An ethnic Chin group has called on the rebel Arakan Army (AA) to release 52 villagers it abducted from Paletwa township in western Myanmar’s Chin state during a clash earlier this year with Myanmar forces that spilled over from armed conflict in adjacent Rakhine state, the head of the group said.
The appeal from the Khumi Affairs Consultative Council (KACC) came as the AA warned of potential severe fighting in Rakhine because the Myanmar Army has deployed more troops in the state, where hostilities flared up late last year, claiming scores of lives on both sides.
The KACC issued a statement on Sunday demanding the release of the residents from a dozen households in Chin state who were taken away by AA soldiers following a clash with government troops near Kintalin village on Feb. 2.
Two of the original 54 abductees have escaped, while the remainder, who do not have enough food, are still being held in an AA outpost along the border of Myanmar, India, and Bangladesh, said KACC chairman Kyaw Nyein.
“The two men who escaped said that the AA has an outpost along the Myanmar, India, Bangladesh border, [and] that 52 people are still at that outpost with the troops,” he told RFA’s Myanmar Service.
AA spokesperson Khine Thukha said that Arakan soldiers did not take the villagers by force.
“When the government army attacked [the ethnic] Khumi village with heavy weapons in February, the villagers ran into a forest and hid there,” he said. “When we saw them in the forest, we took them to a safe place in the border area.”
“The Bangladeshi government helped them first, and they have been working there now,” he said. “We didn’t take them by force. The KACC’s statement is a one-sided accusation. They can go to that place and ask their people [for the truth].”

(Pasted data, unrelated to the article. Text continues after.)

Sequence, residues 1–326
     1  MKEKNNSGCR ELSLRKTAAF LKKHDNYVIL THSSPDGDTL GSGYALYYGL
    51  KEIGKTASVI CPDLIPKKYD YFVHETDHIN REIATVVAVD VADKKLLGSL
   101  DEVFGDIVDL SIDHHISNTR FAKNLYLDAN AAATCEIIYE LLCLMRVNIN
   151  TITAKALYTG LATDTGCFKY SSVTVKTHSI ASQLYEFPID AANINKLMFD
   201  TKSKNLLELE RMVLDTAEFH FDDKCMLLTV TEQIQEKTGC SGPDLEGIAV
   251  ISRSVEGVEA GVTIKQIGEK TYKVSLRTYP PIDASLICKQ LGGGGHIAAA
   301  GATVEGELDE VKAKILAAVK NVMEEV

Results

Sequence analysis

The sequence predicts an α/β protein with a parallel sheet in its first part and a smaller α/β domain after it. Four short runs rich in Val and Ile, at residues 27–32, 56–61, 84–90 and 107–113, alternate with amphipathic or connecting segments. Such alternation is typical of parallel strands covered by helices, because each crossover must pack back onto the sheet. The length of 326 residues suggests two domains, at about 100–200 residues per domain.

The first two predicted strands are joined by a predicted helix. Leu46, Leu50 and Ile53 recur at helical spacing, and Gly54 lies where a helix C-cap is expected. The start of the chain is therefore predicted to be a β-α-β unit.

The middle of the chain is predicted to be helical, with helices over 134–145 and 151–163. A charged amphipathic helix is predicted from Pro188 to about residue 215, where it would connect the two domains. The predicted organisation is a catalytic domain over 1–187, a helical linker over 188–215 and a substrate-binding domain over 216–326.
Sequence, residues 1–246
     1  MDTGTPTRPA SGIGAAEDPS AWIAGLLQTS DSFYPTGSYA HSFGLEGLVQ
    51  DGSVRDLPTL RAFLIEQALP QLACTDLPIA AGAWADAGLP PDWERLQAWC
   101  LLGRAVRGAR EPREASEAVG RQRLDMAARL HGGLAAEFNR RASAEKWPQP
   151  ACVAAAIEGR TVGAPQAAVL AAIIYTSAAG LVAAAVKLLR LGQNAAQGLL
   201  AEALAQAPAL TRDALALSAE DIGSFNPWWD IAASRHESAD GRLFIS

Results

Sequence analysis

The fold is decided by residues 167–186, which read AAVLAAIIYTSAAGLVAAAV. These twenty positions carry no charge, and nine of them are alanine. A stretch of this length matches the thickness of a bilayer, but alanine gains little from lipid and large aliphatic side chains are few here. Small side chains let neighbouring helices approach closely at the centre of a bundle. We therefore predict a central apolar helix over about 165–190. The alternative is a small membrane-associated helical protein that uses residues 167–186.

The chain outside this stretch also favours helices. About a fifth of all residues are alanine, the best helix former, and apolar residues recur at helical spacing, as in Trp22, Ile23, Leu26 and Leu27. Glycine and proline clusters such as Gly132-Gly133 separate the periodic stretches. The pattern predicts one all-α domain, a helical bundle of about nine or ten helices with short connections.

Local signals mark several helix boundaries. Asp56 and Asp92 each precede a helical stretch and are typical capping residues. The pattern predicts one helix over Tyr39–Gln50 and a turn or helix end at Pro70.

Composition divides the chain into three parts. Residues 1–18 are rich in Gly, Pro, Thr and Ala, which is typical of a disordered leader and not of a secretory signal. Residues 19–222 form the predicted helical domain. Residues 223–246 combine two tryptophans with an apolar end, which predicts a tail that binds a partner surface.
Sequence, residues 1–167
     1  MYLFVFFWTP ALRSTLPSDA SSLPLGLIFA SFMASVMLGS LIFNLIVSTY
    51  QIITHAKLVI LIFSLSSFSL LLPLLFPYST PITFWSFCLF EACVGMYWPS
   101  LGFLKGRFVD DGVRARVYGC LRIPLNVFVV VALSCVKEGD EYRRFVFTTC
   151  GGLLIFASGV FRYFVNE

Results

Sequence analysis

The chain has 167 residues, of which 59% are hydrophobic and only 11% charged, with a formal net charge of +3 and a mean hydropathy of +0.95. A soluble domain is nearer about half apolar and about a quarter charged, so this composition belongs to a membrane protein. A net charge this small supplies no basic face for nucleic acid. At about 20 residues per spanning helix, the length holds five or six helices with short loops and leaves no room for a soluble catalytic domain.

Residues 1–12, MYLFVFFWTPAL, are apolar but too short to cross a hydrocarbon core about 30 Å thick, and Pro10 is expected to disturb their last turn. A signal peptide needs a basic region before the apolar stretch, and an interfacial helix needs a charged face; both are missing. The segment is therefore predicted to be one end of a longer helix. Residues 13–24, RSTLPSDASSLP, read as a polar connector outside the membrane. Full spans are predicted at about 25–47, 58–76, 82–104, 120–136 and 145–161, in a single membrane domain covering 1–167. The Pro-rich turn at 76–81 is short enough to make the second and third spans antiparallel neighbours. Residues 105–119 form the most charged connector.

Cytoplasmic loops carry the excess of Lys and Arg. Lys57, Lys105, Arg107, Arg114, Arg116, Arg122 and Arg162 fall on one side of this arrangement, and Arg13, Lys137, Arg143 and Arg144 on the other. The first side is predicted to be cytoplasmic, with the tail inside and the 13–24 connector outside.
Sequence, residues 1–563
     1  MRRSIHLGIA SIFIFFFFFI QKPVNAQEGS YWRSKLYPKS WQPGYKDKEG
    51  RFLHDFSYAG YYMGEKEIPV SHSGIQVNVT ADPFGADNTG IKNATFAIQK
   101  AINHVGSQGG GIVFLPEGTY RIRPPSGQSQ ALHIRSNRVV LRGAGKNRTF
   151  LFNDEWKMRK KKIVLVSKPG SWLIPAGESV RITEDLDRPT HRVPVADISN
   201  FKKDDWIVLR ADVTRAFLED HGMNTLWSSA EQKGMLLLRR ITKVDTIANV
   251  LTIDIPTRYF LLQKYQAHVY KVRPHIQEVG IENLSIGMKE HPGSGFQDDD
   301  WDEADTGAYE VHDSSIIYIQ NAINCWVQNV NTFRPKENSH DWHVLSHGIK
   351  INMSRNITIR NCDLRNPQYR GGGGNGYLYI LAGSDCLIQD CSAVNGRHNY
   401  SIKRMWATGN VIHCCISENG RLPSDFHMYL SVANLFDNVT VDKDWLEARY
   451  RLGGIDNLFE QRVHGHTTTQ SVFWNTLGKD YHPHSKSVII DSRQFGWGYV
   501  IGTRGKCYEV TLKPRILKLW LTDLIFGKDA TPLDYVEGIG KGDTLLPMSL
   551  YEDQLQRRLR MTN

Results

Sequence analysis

The Chin Civil Society Network issued a statement earlier this month about ethnic Chins displaced by and injured in the fighting, who have expressed concern about the instability in the region.
“Because of the fighting, development work has been hindered,” said the network’s Salai Zagot Htan. “The IDPs [internally displaced persons] are still fearful and frightened. We now have more IDPs as well. We have demanded that the [armies] stop doing things that can halt development work and cause fear among the people.”
Salai Taya from the Chin Human Rights Organization said his group issued a statement on April 27 expressing concern after about 100 Myanmar military trucks from Brigade No. 77 entered Matupi township six days earlier.
The trucks were separated into two groups with about 50 trucks going north and the rest heading south,” he said.
“Three men were taken as local guides, but were told that they could return home later,” he added.
Military spokesman Brigadier General Zaw Min Tun denied forcing villagers to work for the army and said Myanmar troops have provided security services in Paletwa township and in northeast India’s Mizoram state since 2018 for the Kaladan Multi-Modal Transit Transport Project.
The transportation corridor will allow cargo from India’s eastern ports to be shipped via the Kaladan River through Chin state to Rakhine’s Sittwe seaport, and then on to northeast India via river and highway routes through Myanmar.
“In the army, we have a firm regulation not to use forced labor for military operations, but there can be some workers [as guides] in small units,” Zaw Min Tun said. “These individuals are working with the army according to their own will.”
“It is impossible that locals are as fearful as they said,” he said. “Some villages even asked us to help provide security for them, but we haven’t added more troops or deployed there.”
AA issues warning
In the meantime, the AA has issued a warning that severe fighting could soon occur because the Myanmar Army has deployed more troops in Rakhine, AA spokesman Khine Thukha told the media last week and urged civilians to be cautious.